Friday, March 28, 2014
At World Bird Sanctuary, we recently received a Red-headed Woodpecker (Melanerpes erythrocephalus) that is non releasable. After keeping an eye on it (we don't know if it is a male or female) throughout a particular day, I realized that I know almost nothing about woodpeckers. So, I decided that it was time for me to learn.
Red-headed Woodpecker (wikipedia.org)
As adults, Red-headed Woodpeckers have bright red heads, black backs, white chests and black wings with large white patches. This gives them the nickname of the flying checkerboard. So naturally we named ours "Checkers". Red-headed Woodpeckers have been around for a very long time. In fact, in Florida, Virginia and Illinois, Red-headed woodpecker fossils have been found. Some of them even dated to about 2 million years old! They can be found all over the eastern United States, ranging from Montana down to New Mexico, and from Florida up to New Hampshire. However, the further north you go, the less common they are.
They live in deciduous woodlands and nest in old dying trees. Red-headed woodpeckers are omnivores, meaning they eat both plants and animals. Most of their diet contains different nuts and fruits (Checkers seems to enjoy grapes and peanuts the most). They will often find insects to eat also. Ranging from flies to grasshoppers to cicadas, they will eat practically any insect they can find. And they are very effective at catching them in midair, too. Rarely they will even eat smaller birds and mice.
The Red-headed Woodpecker is one of only 4 woodpecker species in the United States that will cache, or save and hide, their food. This is in case they need the backup food supply. Commonly they will store live grasshoppers in cracks in trees. They will wedge the grasshoppers in so tightly that it cannot escape. These woodpeckers have even been known to store food underneath shingles on peoples' roofs.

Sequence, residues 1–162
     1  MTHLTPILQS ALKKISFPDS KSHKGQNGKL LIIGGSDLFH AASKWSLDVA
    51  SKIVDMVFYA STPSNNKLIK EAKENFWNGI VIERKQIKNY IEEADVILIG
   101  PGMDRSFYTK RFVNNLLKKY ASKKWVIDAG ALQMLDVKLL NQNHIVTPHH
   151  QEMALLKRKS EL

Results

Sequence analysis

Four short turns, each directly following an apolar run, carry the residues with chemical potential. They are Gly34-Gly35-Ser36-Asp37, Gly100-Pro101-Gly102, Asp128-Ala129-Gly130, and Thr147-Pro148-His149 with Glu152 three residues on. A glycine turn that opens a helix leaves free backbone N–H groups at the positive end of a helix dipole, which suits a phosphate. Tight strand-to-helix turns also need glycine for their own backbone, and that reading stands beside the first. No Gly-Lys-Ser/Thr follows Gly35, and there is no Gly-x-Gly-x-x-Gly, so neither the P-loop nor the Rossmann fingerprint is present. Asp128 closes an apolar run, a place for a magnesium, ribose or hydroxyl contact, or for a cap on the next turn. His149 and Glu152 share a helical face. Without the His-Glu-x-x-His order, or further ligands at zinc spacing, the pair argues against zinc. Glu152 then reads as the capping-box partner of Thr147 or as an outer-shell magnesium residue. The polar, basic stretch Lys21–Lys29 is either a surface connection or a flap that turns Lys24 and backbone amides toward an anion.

The Red-headed Woodpecker's conservation status is Near Threatened. This means that if current trends of decline continue, they will likely become endangered. According to the North American Breeding Bird Survey, their populations have declined around 2.9% every year, starting around 1966. In the mid 1840's Red-headed Woodpeckers were so common that some farmers and orchard owners actually paid bounties for them. Beech forests and chestnut trees are far less common today, which is a major cause in the decline of their populations.
One way to help out the Red-headed Woodpecker is to make sure that if you have any old dying trees on your property, don't cut them down. Those are prime foraging and nesting real estate for these beautiful birds.
Submitted by Mike Cerrutti, Trainer.